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What Is a Forward Spread?

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  • Written By: K.C. Bruning
  • Edited By: John Allen
  • Last Modified Date: 22 November 2016
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A forward spread is the basis point difference between the spot and forward prices of a security. It is specifically the forward price trade discount. The spot price is the current sellable price of a market commodity. A forward price is a pre-determined price agreed upon at the start of a contract that will be paid in the future. The basis point is a unit used to note change in market commodities.

Forward spread is also known as forward pips or forward points. It is commonly used to describe fixed income yields, changes in interest rates, and equity indexes. The usual method of calculating the spread is to compare the forward price with the spot price from the month before. Through this method, it will capture the difference between the two price points in a specific time period.

Several different elements are used to calculate the forward spread. These include the number of days to delivery of the commodity, the interest rate differential, and the spot price. The result is typically expressed as a single integer and two or more decimal points. For example if a forward price is 1.04 and the spot price from a month before is 1.00, then the forward spread is 0.04. This translates to four basis points.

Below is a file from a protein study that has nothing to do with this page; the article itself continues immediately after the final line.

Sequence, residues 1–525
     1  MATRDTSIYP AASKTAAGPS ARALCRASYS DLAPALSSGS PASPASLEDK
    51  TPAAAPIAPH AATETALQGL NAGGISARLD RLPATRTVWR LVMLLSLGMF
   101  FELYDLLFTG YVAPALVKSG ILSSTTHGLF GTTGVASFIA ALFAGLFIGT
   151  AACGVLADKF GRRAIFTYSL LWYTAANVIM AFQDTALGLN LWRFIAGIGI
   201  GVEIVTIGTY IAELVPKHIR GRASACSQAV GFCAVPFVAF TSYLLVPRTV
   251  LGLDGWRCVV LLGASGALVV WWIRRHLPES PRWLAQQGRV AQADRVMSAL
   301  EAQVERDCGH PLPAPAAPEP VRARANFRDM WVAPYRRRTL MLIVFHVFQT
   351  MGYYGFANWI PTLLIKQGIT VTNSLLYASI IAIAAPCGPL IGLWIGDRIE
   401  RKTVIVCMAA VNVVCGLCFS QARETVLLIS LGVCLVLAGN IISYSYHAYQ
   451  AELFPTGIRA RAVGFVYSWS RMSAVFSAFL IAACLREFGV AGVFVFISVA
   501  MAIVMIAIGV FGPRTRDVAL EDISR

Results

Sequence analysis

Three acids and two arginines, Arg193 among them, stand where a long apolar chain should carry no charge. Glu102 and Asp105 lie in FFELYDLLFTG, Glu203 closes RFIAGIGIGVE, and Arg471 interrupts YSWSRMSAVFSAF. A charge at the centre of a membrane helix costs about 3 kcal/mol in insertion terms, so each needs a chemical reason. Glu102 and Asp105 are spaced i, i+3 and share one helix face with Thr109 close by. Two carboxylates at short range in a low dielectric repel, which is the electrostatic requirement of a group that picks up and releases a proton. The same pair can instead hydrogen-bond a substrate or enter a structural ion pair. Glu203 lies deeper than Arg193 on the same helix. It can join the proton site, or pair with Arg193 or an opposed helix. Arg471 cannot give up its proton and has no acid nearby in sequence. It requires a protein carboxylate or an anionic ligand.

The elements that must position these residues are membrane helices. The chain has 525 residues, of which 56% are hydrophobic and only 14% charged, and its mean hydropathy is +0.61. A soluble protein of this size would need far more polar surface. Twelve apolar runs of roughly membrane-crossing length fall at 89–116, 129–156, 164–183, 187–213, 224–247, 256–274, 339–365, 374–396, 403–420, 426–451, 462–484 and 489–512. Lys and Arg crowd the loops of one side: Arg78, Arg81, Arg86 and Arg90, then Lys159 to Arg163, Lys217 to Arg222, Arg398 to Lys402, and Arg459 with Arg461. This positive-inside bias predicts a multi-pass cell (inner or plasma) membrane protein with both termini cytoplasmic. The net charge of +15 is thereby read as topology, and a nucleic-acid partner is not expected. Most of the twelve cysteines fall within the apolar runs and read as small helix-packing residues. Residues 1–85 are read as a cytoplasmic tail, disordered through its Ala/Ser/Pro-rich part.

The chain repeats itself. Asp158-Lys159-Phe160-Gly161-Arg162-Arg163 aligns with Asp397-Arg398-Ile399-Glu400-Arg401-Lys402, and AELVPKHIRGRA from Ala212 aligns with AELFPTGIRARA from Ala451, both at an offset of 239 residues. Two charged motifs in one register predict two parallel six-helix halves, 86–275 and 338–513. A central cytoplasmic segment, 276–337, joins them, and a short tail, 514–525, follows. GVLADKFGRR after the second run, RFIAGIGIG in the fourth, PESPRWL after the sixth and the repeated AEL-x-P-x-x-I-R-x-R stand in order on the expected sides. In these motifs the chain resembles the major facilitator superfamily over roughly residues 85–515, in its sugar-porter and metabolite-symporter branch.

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In some situations, the forward and spot prices are the same. It is then called the at par forward spread. The definition of par is level or equal.

Some investors may protect themselves from changes in the spread by signing a forward spread agreement. It can be used to lock in a range of rates between which an acceptable basis can be found. In other cases it could involve determining an indexed rate and then agreeing upon how much higher and lower it can be made due to the spread.

In some cases a calculation may be made using multiple forward spreads. This type of forecast usually consists of two separate points ahead of the spot price. While a typical forward spread will capture value at one particular time, two points provide a more detailed picture of the potential future value of a commodity.

A forward spread is one of the simplest ways to forecast market performance. It tends to be a low-risk strategy that can be used easily by investors who are new to trading. This is primarily because the concept is fairly straightforward and does not require solving overly complex equations.

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